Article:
Exploring the Church of the Knights Templar

Always shrouded in a cloud of mystery, the Church of The Knight Templar in London is well worth a visit.

Built in the late 12th-century and built by the Knights Templar during the reign of King John in 1199 to 1216, the church served as a royal treasury, supported by the role of the Knights Templar.

With strange symbols carved into statues, columns and walls and intriguing medieval spaces of worship, whilst wandering through the halls of the church, it’s easy to fall in love with the mysteries surrounding that of The Knights Templar. Even the stone faces on the effigy’s of the knights is captivating enough to have you staring for more than a few minutes. With many of their faces smiling up at you from the cold stone floor. Expressions of men, who passed this earth knowing secrets we will never truly understand, and many never know.

I regularly spend time exploring strange places wherever I travel, and seek a particular interest in discovering specific travel locations, which are not normally referenced in a traditional travel brochure. I do this for a variety of reasons.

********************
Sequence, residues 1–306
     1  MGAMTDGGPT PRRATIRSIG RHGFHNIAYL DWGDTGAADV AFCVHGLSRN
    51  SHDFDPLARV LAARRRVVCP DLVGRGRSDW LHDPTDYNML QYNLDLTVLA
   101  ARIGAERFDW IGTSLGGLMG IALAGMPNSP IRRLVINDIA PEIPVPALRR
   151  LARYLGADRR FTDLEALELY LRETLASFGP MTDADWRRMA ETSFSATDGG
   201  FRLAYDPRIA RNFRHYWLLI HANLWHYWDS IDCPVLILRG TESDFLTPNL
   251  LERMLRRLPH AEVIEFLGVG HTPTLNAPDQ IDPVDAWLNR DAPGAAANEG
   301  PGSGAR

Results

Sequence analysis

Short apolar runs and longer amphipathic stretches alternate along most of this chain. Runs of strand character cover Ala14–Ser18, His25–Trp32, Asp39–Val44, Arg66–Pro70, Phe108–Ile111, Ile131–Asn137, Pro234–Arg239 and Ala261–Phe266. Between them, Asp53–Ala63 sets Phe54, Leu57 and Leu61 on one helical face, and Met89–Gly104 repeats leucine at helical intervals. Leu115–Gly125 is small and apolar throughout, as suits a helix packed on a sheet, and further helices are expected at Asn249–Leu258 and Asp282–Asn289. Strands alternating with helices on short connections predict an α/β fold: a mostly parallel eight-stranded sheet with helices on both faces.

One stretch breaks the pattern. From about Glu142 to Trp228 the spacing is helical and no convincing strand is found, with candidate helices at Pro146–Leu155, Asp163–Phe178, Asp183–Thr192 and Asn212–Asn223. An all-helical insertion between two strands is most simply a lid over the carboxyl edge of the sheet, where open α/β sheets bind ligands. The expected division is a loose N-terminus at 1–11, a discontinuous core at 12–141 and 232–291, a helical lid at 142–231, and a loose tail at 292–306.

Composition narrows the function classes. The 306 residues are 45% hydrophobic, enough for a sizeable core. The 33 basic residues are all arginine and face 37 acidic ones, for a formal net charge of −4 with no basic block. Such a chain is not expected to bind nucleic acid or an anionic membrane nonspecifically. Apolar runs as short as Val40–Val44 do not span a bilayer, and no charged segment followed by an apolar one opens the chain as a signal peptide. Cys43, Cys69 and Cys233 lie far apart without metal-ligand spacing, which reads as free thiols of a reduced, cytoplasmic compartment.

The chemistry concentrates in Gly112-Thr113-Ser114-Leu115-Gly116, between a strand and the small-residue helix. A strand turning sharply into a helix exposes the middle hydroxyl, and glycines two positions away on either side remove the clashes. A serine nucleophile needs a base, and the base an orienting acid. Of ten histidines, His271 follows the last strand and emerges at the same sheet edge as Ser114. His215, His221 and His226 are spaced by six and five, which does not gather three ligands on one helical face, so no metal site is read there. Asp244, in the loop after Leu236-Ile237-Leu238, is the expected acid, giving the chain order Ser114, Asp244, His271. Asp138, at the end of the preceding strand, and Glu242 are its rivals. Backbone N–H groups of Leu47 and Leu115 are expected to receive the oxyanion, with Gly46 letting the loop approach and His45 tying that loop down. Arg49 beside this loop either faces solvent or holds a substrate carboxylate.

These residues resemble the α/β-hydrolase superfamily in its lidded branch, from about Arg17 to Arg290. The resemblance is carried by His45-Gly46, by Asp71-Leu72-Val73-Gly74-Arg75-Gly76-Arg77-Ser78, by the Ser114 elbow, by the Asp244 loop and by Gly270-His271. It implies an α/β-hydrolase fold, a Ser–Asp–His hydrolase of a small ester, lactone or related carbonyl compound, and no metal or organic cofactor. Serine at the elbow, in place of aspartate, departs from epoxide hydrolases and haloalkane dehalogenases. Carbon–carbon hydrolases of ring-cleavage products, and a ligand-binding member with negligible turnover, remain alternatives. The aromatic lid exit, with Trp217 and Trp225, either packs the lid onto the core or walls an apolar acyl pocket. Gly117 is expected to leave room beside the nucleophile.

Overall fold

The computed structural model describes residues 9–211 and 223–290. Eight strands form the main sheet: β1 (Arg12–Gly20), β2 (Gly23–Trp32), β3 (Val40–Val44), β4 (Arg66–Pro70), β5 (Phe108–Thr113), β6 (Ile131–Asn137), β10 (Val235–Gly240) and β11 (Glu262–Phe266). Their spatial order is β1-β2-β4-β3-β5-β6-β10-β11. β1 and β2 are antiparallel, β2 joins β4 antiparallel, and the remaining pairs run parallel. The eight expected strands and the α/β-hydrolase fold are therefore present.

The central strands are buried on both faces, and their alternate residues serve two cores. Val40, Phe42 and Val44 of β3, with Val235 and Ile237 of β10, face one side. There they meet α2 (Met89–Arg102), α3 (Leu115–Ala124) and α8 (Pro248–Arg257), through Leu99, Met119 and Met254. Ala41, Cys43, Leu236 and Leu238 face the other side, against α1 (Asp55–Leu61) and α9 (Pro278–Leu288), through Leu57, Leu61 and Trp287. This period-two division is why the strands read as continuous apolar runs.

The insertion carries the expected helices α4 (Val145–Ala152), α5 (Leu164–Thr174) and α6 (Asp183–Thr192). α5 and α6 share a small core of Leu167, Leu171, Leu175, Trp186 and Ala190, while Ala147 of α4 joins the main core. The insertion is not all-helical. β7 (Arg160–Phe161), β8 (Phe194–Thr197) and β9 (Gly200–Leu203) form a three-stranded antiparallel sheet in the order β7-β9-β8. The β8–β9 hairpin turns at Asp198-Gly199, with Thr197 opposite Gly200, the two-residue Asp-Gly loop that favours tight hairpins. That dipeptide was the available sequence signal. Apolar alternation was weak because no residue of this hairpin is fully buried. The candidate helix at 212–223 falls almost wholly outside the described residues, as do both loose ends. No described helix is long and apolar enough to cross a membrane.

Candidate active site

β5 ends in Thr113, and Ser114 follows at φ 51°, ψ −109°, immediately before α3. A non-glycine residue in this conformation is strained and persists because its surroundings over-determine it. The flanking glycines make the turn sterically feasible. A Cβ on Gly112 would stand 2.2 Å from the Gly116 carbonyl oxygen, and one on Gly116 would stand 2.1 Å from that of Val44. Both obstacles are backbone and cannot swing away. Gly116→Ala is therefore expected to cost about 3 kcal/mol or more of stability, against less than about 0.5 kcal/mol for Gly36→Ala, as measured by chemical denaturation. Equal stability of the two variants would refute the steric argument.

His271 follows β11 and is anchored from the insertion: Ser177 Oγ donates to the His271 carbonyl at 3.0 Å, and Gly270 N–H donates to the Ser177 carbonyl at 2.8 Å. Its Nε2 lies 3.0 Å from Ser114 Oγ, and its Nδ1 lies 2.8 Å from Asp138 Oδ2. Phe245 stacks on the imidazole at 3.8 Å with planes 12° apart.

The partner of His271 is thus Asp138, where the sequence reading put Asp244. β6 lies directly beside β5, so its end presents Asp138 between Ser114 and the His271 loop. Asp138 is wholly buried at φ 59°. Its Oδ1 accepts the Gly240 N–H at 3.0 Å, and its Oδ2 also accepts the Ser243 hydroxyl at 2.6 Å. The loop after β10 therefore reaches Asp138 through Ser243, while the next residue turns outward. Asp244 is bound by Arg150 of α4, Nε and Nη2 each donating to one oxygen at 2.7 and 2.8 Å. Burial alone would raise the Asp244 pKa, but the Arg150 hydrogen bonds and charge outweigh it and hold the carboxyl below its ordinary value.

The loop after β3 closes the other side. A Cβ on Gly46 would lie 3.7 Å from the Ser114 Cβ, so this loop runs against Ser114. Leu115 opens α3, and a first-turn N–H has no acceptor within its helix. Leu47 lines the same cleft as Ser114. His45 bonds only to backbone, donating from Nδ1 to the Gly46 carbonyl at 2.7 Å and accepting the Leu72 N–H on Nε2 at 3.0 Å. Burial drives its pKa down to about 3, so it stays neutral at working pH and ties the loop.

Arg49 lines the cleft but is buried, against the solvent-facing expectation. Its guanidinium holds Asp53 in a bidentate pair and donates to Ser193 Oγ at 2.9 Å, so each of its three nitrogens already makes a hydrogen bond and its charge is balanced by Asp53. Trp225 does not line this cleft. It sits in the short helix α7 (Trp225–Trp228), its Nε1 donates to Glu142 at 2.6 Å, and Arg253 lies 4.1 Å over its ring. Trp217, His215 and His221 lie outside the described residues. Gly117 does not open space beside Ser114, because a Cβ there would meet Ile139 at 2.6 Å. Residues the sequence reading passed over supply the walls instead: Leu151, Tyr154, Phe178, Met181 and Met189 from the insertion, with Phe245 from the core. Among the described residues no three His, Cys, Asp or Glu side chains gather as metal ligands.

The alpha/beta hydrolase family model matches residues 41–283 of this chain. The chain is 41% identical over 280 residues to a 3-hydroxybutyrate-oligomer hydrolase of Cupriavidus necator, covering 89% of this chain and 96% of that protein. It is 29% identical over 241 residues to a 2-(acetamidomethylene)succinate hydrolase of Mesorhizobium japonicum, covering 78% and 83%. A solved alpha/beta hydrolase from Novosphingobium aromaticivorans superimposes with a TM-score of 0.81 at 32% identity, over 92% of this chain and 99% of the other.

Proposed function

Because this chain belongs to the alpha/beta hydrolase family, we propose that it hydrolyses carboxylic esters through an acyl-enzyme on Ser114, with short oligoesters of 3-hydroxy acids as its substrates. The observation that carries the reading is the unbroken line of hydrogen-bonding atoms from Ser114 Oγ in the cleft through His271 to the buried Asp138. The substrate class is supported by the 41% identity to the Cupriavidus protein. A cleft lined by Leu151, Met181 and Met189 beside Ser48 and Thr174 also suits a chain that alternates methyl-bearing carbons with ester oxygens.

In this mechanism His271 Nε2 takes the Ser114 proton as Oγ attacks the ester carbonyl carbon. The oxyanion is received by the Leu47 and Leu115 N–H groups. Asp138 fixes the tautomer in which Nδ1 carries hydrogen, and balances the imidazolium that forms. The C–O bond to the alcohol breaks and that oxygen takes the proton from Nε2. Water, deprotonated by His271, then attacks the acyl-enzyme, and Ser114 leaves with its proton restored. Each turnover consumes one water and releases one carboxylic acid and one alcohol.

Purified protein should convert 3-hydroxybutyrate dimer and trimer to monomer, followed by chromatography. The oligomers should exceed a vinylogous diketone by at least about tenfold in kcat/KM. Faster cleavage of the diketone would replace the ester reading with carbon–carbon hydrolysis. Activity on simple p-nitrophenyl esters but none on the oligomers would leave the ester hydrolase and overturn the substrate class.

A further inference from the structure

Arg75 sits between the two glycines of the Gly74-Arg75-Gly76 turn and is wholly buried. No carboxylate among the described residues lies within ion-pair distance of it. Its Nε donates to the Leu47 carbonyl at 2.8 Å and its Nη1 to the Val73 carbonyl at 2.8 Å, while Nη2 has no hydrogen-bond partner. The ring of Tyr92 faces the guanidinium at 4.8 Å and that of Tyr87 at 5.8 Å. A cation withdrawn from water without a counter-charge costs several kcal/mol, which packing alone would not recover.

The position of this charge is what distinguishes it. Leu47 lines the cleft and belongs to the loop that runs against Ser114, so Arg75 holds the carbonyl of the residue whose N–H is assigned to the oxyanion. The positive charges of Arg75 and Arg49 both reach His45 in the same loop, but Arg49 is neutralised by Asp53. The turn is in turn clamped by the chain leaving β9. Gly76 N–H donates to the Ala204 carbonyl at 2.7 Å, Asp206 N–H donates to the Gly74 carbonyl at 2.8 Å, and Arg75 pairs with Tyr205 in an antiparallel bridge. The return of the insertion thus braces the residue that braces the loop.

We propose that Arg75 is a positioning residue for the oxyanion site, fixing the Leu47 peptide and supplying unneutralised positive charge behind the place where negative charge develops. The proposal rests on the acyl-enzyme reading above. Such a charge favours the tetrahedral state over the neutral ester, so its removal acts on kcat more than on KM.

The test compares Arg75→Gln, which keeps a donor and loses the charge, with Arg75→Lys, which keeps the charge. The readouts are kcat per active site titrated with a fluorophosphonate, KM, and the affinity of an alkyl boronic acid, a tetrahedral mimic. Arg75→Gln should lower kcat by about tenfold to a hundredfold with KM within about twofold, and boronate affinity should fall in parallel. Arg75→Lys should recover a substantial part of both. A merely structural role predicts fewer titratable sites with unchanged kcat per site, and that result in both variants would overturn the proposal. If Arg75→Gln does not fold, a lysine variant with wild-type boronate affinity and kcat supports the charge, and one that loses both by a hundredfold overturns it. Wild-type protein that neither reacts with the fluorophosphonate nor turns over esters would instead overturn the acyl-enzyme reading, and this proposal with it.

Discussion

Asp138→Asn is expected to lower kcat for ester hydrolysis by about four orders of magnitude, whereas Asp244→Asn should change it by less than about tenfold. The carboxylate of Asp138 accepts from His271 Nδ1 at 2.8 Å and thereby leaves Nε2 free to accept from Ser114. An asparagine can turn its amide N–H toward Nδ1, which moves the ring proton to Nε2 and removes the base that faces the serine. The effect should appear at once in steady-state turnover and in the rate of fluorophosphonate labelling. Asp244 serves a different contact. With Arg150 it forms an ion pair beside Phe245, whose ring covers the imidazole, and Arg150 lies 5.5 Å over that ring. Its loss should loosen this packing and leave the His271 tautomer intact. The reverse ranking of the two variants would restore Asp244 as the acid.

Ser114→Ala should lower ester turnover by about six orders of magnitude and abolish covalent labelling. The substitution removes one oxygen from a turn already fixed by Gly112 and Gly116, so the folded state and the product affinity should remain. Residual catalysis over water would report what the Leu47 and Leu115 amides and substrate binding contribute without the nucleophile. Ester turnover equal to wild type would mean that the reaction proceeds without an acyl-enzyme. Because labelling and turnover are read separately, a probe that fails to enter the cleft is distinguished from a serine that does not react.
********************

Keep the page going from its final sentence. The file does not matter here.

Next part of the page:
Often these places are quiet with hardly any people about; mostly as they are not part of most travel itineraries. This gives you the opportunity to really enjoy the space, take the photos you dream about, where no person is about and spending a few moments of solace in the space, to properly learn and explore a location.

There is so much we still don’t know about our past. Even through the use of written word, not all accounts have been recorded, and part of me actually prefers it this way; not knowing the answers to all. As I feel it is the mystery which makes these unique locations well worth the visit. And with all the enigma surrounding the knights, how could you not go and spent some time reflecting on an era, where the Knight Templar were once looked upon in awe and recognised as one of the most holiest orders to ever been created; and destroyed by mankind.

And all of this history is tucked away, in a rather insignificant looking building from the outside, alongside the River Thames of London.



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